Understanding Credit Card Fraud

Today, credit cards are synonymous with spending. They are used every day. They are used by almost everyone who understands their importance. To put it in perspective, credit cards accounted for 35% of all transactions among credit/debit card owners in a 2014 survey by TSYS. The increasing use of credit cards shows; for instance, the national average credit card debt total amounts to $953 billion.

With all that in mind, it is no wonder that credit card fraud was up 46% throughout the world in 2014 with over a billion data records breached. Most cases of credit card fraud affect U.S. consumers, accounting for nearly half of all cases of credit card fraud in 2015.

Long story short, credit card fraud is rampant in the world, especially in the United States. For many U.S. consumers, the chances of avoiding credit card fraud are against them. Despite this, many people don’t really understand how credit card fraud occurs or when they are most vulnerable. There are various different ways a consumer can fall victim to a fraudster.

Different Forms of Credit Card Fraud

Credit card fraud can happen in many different ways. All are bad. Here are some of the most common forms of credit card fraud.

One of the simplest forms of credit card fraud is having a card lost or stolen. It’s pretty simple. Someone finds your credit card. They start spending with the card in your name. Oftentimes, the fraudster will take your card online and go to town.

Online spending is the perfect avenue for the thief to spend since there are fewer safeguards compared to in-store purchases.

A common way to be victimized by fraud is an account takeover. If a thief finds your personal information as well as credit card information, they can have a new, legitimate card sent to them from your card provider. They will usually get the card address changed to their preferences. Afterwards, they can spend however they wish.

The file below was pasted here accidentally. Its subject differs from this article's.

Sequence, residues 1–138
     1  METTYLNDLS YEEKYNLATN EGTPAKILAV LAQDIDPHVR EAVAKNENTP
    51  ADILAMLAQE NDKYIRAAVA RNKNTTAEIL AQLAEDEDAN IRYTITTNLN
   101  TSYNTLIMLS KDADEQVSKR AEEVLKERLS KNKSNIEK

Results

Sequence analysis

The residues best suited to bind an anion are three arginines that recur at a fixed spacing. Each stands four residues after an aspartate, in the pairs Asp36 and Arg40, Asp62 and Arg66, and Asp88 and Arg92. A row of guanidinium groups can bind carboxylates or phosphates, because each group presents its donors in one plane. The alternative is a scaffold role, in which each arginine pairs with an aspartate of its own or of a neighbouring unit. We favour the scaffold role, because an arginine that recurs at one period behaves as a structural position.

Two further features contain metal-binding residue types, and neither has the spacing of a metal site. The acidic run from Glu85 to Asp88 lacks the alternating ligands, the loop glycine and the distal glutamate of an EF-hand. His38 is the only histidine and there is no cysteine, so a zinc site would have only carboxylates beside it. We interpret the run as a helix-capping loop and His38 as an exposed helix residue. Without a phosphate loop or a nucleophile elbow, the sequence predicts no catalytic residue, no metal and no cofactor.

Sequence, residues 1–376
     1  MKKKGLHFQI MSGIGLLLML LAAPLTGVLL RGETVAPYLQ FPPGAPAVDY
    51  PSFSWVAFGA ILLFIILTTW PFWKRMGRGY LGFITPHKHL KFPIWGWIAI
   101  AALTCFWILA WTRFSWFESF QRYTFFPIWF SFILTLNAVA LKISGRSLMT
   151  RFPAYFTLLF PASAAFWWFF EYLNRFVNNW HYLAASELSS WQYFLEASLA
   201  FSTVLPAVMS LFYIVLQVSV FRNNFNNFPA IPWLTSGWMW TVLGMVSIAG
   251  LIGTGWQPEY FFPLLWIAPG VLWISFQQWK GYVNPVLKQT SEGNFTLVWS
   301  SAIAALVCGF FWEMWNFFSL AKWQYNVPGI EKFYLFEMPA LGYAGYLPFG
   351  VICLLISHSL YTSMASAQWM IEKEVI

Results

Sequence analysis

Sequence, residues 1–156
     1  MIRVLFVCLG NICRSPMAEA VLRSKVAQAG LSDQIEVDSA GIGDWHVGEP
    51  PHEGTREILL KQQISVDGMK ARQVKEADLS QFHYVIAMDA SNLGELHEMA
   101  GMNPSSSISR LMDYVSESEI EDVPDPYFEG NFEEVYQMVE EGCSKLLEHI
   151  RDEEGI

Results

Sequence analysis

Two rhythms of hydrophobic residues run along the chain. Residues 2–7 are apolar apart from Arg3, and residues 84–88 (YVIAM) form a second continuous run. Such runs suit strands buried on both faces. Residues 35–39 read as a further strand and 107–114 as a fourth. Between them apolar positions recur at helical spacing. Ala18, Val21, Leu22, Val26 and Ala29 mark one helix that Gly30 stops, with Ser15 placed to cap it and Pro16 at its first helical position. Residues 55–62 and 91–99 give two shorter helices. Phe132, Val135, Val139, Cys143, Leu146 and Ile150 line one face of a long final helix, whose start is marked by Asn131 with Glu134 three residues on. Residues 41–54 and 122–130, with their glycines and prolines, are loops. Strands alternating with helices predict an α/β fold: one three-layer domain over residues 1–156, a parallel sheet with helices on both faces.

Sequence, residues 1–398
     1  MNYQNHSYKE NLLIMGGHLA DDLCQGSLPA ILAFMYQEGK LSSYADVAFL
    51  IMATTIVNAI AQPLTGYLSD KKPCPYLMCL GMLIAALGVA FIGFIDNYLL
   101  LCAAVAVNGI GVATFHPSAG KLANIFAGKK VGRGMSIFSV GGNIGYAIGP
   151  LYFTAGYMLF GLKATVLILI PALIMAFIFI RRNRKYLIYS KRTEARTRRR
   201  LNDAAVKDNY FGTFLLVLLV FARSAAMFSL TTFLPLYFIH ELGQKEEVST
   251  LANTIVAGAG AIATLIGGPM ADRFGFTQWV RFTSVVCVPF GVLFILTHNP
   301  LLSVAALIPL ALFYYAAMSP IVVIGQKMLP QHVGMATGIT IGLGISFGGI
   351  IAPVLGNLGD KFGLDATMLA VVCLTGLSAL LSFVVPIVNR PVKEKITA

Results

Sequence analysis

Card ID theft is tough form of credit fraud. It works similar to losing your credit card. If a fraudster happens across your card credentials and information, they can use that info to set up a new account or take over the old account. This is tough to track, and it is tough to catch.

Counterfeit card fraud is a popular form of fraud, or in other words, many people know about it after the recent push for EMV cards. Fraudsters skim your credit card information during a transaction. Afterwards, they can create a counterfeit credit card with a fully functioning magnetic strip. Once they get to that point, they can spend as they wish.

Card Not Present (CNP) fraud is a common way to get scammed. Some thieves find creative ways to obtain the expiration date, account number, and CSV of a credit card, normally through a convincing phone call. With the information, they can spend online without actually having the card.

Similar to physical card theft, some thieves can intercept credit cards in the mail. In this scenario, you would have most likely applied for a new card in the mail. After the interception, the card can be registered, activated, and utilized.

Application fraud happens when a fraudster is able to find documents that make it possible to apply for a new credit card in your name. While banks and credit unions are pretty good at countering this form of fraud, it can still be done. The end result is a new credit card in your name in someone else’s hands.

Final Thoughts

For U.S. consumers today, the chances of falling victim to credit card fraud are good. Just by looking at the various different ways it can happen, it is easy to see that fraudsters are creative in their efforts. Today, you don’t even have to lose or have your card stolen to be affected. Luckily, this fact has not gone unnoticed.

On both sides of the ball, innovations are being made by banks and criminals to fight the battle over credit card fraud. EMV security is one of the newest safeguards from the banks and credit unions; for now, in-store purchases are covered by this new layer of security.

While this is good news, the only realistic expectation is for this new security to be compromised eventually. Credit card fraud may never die, especially with the internet today. The only real solution is to be proactive in countering fraudulent efforts and relying on necessity as the mother of invention.

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